Facebook Hires White House Staffer for Global Policy Position

Facebook’s rapid growth and regular product changes — especially around privacy — have brought new attention from politicians and regulators in the US and around the world. So the company, which as been gradually filling out a team of public service veterans over the years, has good reason for its latest hire today.

Marne Levine is leaving a White House staffing position to be the company’s new vice president of global public policy. Based out of Facebook’s public policy offices in Washington, DC, she’ll “oversee and coordinate our interactions with governments and non-governmental organizations working on key policy issues around the globe” and “help scale efforts to build out our policy teams in Asia, the Americas and Europe.”

Timothy Sparapani, Facebook’s public policy director in DC, will continue to focus on Congress and the US federal government; Richard Allan will continue in his director role working with European Union. Both will report to her, and in turn she will report to Elliot Schrage, Facebook’s vice president of communications, marketing and public policy. (See Facebook’s current executive team lineup, here).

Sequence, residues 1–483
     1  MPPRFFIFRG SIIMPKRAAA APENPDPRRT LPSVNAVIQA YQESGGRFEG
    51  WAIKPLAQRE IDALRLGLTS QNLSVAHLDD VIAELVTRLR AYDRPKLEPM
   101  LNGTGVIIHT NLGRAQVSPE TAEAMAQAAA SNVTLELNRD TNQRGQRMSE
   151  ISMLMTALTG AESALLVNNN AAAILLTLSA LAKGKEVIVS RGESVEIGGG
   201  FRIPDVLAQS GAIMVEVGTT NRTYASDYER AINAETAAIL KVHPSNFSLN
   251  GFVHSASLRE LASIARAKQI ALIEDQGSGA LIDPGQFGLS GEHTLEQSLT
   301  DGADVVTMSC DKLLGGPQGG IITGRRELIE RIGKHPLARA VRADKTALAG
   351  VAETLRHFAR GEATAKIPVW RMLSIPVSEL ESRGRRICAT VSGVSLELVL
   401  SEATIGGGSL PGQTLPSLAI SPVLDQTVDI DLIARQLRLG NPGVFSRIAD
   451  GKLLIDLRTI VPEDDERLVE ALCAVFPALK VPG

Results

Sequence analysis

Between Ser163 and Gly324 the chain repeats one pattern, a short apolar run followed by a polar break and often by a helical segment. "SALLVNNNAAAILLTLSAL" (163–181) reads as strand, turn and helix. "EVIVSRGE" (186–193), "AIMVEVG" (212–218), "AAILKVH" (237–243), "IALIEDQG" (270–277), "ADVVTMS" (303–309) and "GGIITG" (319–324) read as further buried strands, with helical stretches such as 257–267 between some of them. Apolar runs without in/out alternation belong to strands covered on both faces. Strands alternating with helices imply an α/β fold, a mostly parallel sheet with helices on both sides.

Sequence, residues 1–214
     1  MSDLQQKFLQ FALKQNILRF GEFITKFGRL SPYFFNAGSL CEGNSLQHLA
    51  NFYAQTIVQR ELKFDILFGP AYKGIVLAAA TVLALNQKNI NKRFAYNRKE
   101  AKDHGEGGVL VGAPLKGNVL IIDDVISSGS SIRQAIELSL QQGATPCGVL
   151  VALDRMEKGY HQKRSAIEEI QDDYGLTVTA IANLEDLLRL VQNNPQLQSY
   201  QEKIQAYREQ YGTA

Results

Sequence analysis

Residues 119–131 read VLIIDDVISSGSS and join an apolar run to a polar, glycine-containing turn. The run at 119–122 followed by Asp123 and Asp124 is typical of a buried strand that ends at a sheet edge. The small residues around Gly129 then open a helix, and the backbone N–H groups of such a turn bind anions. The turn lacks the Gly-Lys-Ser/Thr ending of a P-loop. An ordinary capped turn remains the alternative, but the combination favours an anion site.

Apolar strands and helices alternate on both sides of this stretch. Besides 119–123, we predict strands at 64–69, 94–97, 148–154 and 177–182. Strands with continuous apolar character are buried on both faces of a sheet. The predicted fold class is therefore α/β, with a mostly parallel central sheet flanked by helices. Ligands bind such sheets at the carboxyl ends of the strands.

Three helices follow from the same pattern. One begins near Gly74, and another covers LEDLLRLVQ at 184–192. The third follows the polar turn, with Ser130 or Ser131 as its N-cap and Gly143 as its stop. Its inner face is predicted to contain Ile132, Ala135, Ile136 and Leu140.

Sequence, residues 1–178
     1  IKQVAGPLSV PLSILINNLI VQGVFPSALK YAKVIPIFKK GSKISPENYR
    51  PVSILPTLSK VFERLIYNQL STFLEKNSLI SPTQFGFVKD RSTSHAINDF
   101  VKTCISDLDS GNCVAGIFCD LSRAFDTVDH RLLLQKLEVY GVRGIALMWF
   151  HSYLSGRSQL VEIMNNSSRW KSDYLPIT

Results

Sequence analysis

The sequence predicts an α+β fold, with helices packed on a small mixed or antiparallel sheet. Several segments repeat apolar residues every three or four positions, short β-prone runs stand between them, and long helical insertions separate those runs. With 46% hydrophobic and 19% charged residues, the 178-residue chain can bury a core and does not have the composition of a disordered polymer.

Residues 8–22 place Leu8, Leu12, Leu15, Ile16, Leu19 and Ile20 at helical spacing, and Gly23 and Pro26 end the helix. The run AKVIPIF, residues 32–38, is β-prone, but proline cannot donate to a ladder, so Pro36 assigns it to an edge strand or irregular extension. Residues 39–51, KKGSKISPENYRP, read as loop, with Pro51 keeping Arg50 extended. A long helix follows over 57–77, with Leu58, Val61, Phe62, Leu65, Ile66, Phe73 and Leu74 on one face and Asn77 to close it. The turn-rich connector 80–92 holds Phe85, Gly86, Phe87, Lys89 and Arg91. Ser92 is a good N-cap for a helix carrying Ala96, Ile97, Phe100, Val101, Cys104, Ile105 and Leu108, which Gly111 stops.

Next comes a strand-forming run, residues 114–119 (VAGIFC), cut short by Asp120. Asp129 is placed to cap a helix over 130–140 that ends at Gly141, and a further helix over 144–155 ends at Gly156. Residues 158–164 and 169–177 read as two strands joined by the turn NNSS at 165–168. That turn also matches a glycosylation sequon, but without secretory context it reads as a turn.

She leaves her position as the chief of staff at the White House National Economic Council, where she had worked under long-time mentor and current council director Larry Summers. She previously was his chief of staff when he was the president of Harvard University; like Facebook chief operating officer Sheryl Sandberg, she also worked in the US Department of Treasury. Immediately prior to joining the White House, Levine the director of product management for Revolution Money, and director of business development and strategy at Cibernet Corporation.

Beyond congressional attention on Facebook’s recent privacy changes, the company faces a number of legally-undecided policy questions, including how it (as opposed to government agencies) might be responsible for third party applications on its platform. For more on app policing and other public policy issues, check out this timely interview with Sparapani:

Five Q’s with Timothy Sparapani, Facebook from Rob Haralson on Vimeo.

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